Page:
Shares of preclinical biopharma Immunomedics (NASDAQ:IMMU) gained over 14% today without any company-specific news. However, earlier in the day, the nearly $12 billion buyout of Kite Pharma by Gilead Sciences was announced, which lifted many stocks working on chimeric antigen receptor T cells, or CAR-T, biotherapeutics.
What does that have to do with antibody developer Immunomedics? Well, the company back in February 2017 did announce preliminary results from a preclinical trial that demonstrated the ability of certain of its checkpoint inhibitor antibodies to increase the potency of T cells.
As of 2:45 p.m. EDT, the stock had settled to a 13.7% gain.
This is certainly about as indirect of an association Mr. Market could possibly conjure up. While there's no specific link to CAR-T therapies for Immunomedics' February announcement, and the results were only from a small preclinical trial, traders don't seem to be taking any chances.
The novel bispecific antibodies, or bsAbs, from Immunomedics were shown to increase the potency of T cells. That is, the local environment of cancer tissues secrete various molecules that attempt to deactivate and throw off T cells, which are the workhorse of the body's immune system. Even if immunotherapies are successful at first, mutations in the tumor can gradually lead to more resilient cancers and less effective T cells. It remains a significant problem for novel immunotherapies, and solutions have remained elusive.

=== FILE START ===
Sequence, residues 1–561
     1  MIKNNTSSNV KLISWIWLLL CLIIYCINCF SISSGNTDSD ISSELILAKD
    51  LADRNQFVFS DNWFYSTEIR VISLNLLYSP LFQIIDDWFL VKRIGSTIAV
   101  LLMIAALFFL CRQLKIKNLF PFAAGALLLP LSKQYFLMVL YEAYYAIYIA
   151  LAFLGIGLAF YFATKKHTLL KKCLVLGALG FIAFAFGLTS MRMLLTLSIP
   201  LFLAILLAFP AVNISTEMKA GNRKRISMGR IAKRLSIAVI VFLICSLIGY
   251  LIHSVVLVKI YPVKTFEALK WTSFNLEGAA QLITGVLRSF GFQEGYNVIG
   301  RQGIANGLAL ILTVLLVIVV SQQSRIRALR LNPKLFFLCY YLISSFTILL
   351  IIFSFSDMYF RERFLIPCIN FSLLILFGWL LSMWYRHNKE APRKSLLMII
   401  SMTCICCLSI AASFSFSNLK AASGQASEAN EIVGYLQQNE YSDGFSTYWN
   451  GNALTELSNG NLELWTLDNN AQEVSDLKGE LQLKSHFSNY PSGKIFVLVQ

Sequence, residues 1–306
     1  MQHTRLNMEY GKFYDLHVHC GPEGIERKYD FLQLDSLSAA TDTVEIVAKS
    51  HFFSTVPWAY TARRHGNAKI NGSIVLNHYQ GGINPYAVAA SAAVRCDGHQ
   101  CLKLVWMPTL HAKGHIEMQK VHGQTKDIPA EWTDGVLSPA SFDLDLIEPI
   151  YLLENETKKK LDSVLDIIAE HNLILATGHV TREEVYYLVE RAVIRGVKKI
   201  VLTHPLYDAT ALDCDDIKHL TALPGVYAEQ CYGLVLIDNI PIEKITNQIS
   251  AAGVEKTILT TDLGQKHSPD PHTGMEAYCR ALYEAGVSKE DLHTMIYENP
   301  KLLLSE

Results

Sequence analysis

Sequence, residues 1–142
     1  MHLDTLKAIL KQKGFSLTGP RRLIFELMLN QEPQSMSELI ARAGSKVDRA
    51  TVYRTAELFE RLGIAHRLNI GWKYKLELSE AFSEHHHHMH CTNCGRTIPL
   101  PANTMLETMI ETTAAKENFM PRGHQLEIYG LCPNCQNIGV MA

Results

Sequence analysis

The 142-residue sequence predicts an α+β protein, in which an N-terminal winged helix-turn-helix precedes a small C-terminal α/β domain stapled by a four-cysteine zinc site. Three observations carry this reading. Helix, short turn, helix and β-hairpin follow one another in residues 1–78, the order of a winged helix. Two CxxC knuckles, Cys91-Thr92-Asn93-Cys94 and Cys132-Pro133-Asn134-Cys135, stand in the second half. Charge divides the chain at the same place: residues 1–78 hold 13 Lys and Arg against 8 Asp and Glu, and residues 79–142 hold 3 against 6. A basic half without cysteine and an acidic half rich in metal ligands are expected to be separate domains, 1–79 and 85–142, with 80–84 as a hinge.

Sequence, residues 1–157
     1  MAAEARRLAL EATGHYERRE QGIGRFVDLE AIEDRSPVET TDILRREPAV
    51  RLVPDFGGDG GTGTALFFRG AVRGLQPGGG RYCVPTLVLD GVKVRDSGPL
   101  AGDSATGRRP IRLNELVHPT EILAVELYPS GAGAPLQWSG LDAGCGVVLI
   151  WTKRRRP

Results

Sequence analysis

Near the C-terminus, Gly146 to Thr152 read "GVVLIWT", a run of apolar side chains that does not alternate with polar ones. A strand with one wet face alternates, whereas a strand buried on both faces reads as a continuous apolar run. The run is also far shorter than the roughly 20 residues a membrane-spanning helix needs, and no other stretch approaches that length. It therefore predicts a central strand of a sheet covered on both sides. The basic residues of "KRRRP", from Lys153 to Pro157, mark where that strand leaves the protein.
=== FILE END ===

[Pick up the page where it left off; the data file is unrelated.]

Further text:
On paper at least, the technology could be paired with novel CAR-T therapies that are making their way down the industry's pipeline.
Some traders are thinking that Immunomedics' proprietary technology that has demonstrated the ability to selectively overcome T cell deactivation in the tumor microenvironment could become a must-have tool for the future of the CAR-T space. The Gilead Sciences deal this morning shows that interest in cell therapies remains high and that we're only beginning to scratch the surface of what's possible. However, until more material developments occur, investors shouldn't take too many leaps when dreaming of blockbuster deals for Immunomedics.